Bonhoeffers Recovery of the Political Significance of the Visible Church

In an essay entitled "The Constantinian Sources of Western Social Ethics," John Howard Yoder makes the striking observation that after the Constantinian shift the meaning of the word "Christian" changes. Prior to Constantine it took exceptional conviction to be a Christian. After Constantine it took exceptional courage not to be counted as a Christian. This development, according to Yoder, called forth a new doctrinal development, "namely the doctrine of the invisibility of the church." Before Constantine, one knew as a fact of everyday experience that there was a church, but one had to have faith that God was governing history. After Constantine, people assumed as a fact that God was governing history through the emperor, but one had to take it on faith that within the nominally Christian mass there was a community of true believers. No longer could being a Christian be identified with church membership, since many "Christians" in the church clearly had not chosen to follow Christ. Now to be a Christian is transmuted to "inwardness" (Yoder 1984: 136-7).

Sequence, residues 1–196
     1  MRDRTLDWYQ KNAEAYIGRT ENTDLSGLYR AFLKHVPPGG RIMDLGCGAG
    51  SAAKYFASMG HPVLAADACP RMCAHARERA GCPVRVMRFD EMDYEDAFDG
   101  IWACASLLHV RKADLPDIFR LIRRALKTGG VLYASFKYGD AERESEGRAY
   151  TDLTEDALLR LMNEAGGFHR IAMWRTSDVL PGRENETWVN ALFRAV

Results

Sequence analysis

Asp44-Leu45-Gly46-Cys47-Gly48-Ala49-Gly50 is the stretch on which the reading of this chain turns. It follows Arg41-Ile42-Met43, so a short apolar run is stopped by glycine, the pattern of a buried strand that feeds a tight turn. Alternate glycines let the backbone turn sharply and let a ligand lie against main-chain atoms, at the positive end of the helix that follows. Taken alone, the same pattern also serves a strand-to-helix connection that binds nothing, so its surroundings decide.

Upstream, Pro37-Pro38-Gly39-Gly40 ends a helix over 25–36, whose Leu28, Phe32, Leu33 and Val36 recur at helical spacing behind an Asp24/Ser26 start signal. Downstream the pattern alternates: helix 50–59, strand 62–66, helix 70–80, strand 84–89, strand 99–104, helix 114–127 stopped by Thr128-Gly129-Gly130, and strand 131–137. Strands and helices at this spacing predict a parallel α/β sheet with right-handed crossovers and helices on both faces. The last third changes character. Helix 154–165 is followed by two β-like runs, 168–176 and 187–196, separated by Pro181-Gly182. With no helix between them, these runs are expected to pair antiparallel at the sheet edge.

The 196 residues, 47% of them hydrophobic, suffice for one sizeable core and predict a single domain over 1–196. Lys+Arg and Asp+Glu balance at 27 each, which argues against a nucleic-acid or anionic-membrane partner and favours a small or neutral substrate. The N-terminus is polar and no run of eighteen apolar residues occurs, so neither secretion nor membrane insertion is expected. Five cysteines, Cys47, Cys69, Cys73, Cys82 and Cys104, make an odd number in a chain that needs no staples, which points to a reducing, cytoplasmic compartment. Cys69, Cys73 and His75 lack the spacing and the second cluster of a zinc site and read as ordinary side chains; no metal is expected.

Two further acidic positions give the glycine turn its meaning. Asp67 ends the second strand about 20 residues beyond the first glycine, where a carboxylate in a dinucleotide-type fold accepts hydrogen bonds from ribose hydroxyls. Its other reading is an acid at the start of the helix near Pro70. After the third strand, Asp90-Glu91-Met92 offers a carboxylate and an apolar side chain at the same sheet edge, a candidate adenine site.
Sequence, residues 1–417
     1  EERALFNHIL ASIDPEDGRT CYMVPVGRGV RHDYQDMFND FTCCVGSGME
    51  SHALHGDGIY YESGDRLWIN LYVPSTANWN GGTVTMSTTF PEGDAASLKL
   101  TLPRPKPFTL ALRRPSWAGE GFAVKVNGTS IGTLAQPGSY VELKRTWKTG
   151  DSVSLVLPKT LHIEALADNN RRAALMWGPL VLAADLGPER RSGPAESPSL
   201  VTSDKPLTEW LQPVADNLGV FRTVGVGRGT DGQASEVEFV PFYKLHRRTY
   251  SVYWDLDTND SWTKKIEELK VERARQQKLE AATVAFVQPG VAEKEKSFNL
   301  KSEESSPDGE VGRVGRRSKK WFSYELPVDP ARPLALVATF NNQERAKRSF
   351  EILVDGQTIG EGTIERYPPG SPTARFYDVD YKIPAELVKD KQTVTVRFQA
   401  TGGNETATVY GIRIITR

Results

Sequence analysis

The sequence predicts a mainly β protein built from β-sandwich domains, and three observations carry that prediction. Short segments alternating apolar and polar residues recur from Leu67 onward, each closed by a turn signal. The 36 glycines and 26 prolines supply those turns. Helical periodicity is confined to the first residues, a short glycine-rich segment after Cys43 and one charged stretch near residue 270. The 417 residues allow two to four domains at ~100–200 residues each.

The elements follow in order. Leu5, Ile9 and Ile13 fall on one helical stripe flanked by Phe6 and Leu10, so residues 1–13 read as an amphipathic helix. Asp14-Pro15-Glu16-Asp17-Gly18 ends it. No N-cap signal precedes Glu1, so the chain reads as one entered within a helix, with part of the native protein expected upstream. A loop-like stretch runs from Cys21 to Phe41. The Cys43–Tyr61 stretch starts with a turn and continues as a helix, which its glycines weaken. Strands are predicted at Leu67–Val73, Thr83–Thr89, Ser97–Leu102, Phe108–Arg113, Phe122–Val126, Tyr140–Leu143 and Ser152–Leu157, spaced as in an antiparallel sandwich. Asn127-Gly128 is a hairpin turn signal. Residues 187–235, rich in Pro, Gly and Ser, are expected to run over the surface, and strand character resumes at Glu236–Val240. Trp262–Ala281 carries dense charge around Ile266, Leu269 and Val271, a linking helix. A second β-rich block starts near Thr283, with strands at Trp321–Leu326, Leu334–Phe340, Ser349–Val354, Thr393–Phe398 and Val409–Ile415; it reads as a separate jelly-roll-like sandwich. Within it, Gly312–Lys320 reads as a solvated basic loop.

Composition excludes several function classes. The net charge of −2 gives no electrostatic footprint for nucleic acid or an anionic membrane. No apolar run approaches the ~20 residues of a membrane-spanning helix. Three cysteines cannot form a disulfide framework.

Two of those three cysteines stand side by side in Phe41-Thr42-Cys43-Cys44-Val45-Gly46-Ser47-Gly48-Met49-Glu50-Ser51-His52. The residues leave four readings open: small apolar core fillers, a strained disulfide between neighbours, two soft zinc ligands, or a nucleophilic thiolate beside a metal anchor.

Bonhoeffer is a Lutheran, Yoder an Anabaptist, and Lutherans are seldom confused with Anabaptists; but nevertheless Bonhoeffer's account of the challenge facing the church closely parallels Yoder's account above. For example, in notes for lectures at Finkenwalde, Bonhoeffer observes that the consequence of Luther's doctrine of grace is that the church should live in the world and, according to Romans 13, in its ordinances.

Thus in his own way Luther confirms Constantine's covenant with the church. As a result, a minimal ethic prevailed. Luther of course wanted a complete ethic for everyone, not only for monastic orders. Thus the existence of the Christian became the existence of the citizen. The nature of the church vanished into the invisible realm. But in this way the New Testament message was fundamentally misunderstood, inner-worldliness became a principle. (Bonhoeffer 1965: 324)2

Faced with this result, Bonhoeffer argues that the church must define its limits by severing heresy from its body.